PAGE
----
How to build a strong foundation for your child

house bricks

Written by contributor Jena of Yarns of the Heart

We have only one chance with our children. They will only be toddlers once. Thank goodness!

And they will only be seven years old once, ten years old once, fourteen years old once, and then they will be out the door.

They come back once in a while, but it’s never the same.

So while you have those little ones at home, make the most of it. This is your window of opportunity. Build a strong foundation that will support them the rest of their lives.

Building a foundation that will last a lifetime

1. Make sure your children know you love them unconditionally.

That means nothing they do will ever disqualify them for your love. They can always come back, get a hug and reassurance that you believe in their inherent worth as a human being.

The Biblical story of the Prodigal Son comes to mind here.  There is deep psychological value in having someone in your life who loves you unconditionally.

2. Teach them how to learn.

This is where homeschooling shines. We don’t have to follow a prescribed curriculum that spoon-feeds learning. Instead we can show our kids how to take an interest and follow its lead.

We can take them to the library or an internet search engine and show them how to find information, how to search for experts, tutors, or lessons. There is power in knowing how to find answers.

My grown daughter Meg is in India teaching English, but she wants to improve her drawing skills, so she’s finding books and people to help her. Knowing how to learn is one of the most important skills anyone can have in our ever-changing world.

3. Teach them to love learning.

Not only do they need to know how to learn, they should love it.

Learning should not be like taking medicine: “I know you hate this, but it’s good for you, so be quiet, sit still, and pay attention.” When our kids graduate and go off into the world, if they hate learning, they will stop doing it. It’s as simple as that.

Instead, try to make learning fun and meaningful. There is more than one way to learn anything. Find what motivates and excites your child.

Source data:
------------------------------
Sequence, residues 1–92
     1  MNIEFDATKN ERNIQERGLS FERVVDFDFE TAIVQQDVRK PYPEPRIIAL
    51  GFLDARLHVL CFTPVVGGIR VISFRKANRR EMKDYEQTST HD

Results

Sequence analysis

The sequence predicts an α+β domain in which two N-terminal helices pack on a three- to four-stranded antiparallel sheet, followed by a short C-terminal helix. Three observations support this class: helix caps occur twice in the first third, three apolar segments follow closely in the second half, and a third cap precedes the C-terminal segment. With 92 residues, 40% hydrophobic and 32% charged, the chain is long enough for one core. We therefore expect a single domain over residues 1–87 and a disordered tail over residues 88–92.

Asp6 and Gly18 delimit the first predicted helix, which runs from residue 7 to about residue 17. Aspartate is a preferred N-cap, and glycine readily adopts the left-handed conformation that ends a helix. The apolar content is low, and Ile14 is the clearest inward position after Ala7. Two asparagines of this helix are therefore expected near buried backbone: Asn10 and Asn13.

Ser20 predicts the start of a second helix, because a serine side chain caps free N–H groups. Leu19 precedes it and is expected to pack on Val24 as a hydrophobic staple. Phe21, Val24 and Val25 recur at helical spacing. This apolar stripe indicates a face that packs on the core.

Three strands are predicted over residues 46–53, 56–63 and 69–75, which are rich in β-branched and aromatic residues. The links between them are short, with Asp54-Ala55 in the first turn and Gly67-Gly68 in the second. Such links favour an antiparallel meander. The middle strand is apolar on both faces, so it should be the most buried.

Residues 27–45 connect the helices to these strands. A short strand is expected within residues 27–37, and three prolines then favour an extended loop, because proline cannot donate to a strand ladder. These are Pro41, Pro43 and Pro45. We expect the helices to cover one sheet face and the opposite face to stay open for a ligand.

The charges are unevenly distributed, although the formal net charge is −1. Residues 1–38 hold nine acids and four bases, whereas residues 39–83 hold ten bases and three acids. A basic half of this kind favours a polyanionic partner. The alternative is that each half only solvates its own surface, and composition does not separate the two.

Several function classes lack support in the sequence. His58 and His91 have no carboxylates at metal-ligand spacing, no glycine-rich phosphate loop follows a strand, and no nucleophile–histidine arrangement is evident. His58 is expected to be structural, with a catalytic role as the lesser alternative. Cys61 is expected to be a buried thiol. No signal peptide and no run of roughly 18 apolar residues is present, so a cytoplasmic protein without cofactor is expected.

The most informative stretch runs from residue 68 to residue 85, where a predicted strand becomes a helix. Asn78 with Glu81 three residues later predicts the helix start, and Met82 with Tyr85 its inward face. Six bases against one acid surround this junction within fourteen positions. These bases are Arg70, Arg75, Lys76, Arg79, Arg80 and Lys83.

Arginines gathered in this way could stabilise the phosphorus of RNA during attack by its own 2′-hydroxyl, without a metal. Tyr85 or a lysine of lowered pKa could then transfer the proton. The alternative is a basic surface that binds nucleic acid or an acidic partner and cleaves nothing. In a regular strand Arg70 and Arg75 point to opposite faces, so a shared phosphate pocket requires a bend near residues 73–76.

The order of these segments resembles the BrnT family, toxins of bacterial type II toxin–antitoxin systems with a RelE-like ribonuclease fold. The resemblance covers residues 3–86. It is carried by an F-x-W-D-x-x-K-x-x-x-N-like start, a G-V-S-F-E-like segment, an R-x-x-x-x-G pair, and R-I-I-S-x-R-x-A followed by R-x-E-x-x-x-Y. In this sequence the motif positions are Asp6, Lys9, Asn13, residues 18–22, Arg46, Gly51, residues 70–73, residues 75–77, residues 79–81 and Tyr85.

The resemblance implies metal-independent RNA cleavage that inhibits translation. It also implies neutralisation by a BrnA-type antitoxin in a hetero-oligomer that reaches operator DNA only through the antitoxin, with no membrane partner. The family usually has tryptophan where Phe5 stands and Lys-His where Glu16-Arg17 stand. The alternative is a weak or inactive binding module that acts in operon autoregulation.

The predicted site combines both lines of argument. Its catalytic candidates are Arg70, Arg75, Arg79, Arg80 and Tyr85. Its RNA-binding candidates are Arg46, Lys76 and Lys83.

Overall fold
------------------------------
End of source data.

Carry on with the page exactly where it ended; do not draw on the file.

4. Teach them how to live with others.

This is another place where homeschooling shines. We spend a lot of time together and have a million opportunities to model and talk about love, forgiveness, service, and empathy. And we all know that learning to do this in a family is the hardest place of all, so we are blessed to have the opportunity to work on that together.

After all, our family will still be our family 50 years from now and what they learn at home will be what they look for in their adult lives.

Frederick Douglass was right when he said:

“It is easier to build strong children than to repair broken men.”

What have you done to build a strong foundation for your child?

About Jena

Jena homeschooled her three children all the way to college. When they left the nest, she started a masters degree in elementary education and taught one year in the public schools. She blogs about her homeschooling years and her interest-led philosophy at Yarns of the Heart.

Comments

  1. se7en says:

    This is great, and so true… it all passes so fast. And academics aren’t nearly as important as life skills and relationships!!! I literally blinked and my oldest was fourteen – I think it was the first time I looked up!!! ANd now he is two years from finishing school… it really does fly by!!!
    se7en’s latest post: Se7en + 1 Glittery Valentines Galore… and Many Many More…

  2. I think character building is so important. And unconditional love–wow that is exactly what I wrote about today on my blog. I really think unconditional love is where I’m striving to learn and show most right now. I think I do and then I realize I get frustrated when my kids behave erratically. Thanks for the great post!
    Johanna @ My Home Tableau’s latest post: The gospel and crying

  3. Michele says:

    I absolutely love your blog. I do not homeschool but our beliefs in raising good solid children is the same. Great article today!

  4. Myah says:

    This is so wonderful and fabulous reminders! Thank you for sharing, Jena. :)

  5. I think that validating who my children were created to be is the best gift I can give them. My 3 kiddos are all very different and I have had to learn to see what gifts , talents, natural bents and interests are in them. Especially if they are different than mine. What do they chose to do In their free time? What do they get excited about? Lately my 8 y/o son has been interested in trains. Especially the history of trains, the railroad and steam locomotives. With that interest I can teach him everything he needs to know. More importantly he will learn that learning is fun. That learning is about wanting to know something and figuring out how to know it. Now isn’t that the way it’s supposed to be?
    Wendy@applebyfarmschool’s latest post: Let’s Google it!

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